The key to the mantel’s survival was its proliferation; they were everywhere in the UK’s mass of Victorian housing stock, and they were built in, part of the domestic architecture. Assiduous developers in the 1960s and 70s did their fair share of ripping out or partitioning off of period mantels (and other vintage architectural details) in the name of modernism and clean living, but thankfully (for the vintage revival) many of them survived.

In our current age, we have enormous affection for our period houses and we use our mantelpieces with the love they deserve, once again a surface that’s part of a framed surround for a fireplace that tells the story of the family who live there. The etiquette has changed – symmetry may no longer be king, eclectic taste abounds, we’re not all obsessed with dusting, and global artefacts say more of our physical journeys than our ability to afford fashionable imported goods – but they remain a shrine and an expression of self.

Design historian Jonathan Glancey has commented on how mantlepieces can also be places of mystery, dreams and transition, and over the years that’s been a source of attraction to artists and writers. René Magritte’s painting Time Transfixed shows how the mantelpiece is a gateway to other worlds and Lewis Carrol’s story of Alice Through the Looking Glass sees Alice stepping into the mirror above the mantel and finding a new magical, eccentric world beyond. Of course, at this time of year Father Christmas needs a chimney to deliver his presents… so even if we’re not always burning the fire below, let’s keep the mantelpiece, and all it represents, in our nation’s history, and then we can keep all our dreams alive.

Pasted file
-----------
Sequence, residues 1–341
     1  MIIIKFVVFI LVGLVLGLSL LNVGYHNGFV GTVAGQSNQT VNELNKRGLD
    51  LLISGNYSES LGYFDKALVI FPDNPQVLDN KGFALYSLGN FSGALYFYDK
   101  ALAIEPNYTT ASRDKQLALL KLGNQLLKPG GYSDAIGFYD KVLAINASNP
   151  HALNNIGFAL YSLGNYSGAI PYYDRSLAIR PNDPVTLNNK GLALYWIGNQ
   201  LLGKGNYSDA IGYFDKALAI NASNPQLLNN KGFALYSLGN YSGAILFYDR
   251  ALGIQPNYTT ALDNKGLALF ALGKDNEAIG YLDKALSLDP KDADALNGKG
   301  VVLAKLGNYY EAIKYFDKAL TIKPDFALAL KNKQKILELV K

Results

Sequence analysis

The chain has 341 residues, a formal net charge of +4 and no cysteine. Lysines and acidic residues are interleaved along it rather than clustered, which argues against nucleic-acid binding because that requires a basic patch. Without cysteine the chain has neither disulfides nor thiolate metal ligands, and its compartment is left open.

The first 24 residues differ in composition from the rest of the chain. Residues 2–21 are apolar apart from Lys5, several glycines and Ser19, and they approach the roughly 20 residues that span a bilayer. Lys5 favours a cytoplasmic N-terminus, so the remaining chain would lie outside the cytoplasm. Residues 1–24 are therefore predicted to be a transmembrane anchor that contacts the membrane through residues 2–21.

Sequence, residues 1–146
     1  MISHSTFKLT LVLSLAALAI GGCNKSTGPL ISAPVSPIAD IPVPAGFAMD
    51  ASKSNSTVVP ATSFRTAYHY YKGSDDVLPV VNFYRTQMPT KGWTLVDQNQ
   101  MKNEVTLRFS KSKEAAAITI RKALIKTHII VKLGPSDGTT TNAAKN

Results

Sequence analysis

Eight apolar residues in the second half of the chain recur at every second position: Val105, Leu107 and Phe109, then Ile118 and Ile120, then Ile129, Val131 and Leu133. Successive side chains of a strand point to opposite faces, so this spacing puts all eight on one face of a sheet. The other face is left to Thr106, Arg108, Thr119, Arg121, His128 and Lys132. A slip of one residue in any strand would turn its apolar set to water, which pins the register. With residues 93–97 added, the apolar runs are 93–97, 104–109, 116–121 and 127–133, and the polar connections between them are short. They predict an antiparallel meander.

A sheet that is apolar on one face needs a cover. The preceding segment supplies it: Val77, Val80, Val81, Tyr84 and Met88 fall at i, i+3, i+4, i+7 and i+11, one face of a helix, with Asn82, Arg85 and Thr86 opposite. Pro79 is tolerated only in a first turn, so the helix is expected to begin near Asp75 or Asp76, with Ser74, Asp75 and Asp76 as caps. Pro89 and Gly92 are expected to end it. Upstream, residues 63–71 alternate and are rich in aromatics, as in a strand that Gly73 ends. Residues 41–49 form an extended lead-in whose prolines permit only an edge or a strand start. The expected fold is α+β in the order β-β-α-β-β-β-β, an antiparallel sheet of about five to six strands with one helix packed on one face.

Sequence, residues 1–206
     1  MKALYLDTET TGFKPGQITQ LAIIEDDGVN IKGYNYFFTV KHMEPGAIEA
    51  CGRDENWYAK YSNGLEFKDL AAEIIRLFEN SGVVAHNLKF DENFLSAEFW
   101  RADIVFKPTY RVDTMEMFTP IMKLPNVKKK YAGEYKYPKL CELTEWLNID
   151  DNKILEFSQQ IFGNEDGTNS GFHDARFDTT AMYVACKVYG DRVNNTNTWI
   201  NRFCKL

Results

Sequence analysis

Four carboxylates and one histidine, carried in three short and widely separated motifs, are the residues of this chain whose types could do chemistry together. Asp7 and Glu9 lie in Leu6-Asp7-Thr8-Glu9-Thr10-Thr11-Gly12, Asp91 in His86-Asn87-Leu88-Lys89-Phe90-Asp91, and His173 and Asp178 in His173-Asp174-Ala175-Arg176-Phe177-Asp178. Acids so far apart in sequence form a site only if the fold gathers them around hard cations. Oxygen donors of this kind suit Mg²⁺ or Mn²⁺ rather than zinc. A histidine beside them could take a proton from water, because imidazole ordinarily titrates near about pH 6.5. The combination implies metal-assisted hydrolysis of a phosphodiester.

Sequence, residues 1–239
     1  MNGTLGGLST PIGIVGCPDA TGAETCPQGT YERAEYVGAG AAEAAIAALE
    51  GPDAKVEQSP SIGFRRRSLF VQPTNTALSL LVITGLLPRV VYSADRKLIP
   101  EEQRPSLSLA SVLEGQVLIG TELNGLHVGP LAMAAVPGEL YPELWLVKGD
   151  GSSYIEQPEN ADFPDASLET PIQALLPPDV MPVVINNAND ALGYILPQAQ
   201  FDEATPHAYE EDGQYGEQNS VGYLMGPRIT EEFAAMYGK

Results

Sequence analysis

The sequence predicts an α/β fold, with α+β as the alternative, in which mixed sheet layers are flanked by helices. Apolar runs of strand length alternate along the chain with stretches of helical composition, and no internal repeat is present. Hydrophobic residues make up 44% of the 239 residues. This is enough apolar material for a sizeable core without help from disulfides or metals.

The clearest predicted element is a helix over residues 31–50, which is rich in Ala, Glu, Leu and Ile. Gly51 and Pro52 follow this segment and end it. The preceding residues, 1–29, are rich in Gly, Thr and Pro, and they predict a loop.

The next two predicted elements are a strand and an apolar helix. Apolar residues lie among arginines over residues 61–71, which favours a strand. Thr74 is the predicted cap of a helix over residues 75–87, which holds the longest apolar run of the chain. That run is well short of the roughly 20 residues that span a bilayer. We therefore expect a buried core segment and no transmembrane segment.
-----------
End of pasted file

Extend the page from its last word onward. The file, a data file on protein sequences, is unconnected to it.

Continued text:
Written with reference to The Hidden History of the Mantlepiece broadcast, BBC Radio 4, 2020.

Featured image: illustration from the book Examples of Household Taste by Walter Smith, 1876, “A design which the most exacting household art critic will find no fault with”